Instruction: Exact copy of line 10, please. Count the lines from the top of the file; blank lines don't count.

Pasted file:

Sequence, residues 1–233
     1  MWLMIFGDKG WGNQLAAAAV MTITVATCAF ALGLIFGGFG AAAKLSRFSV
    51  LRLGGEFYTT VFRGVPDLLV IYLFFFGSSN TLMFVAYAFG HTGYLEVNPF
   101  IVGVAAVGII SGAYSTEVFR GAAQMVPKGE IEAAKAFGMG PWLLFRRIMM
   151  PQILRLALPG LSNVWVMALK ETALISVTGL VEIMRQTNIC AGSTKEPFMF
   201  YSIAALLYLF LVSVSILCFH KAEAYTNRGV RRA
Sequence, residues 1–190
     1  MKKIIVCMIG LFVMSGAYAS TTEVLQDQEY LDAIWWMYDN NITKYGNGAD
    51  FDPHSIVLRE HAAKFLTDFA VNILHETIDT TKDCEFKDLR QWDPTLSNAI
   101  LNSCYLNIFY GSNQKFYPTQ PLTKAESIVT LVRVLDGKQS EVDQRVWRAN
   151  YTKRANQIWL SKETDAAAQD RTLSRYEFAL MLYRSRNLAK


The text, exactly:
   101  LNSCYLNIFY GSNQKFYPTQ PLTKAESIVT LVRVLDGKQS EVDQRVWRAN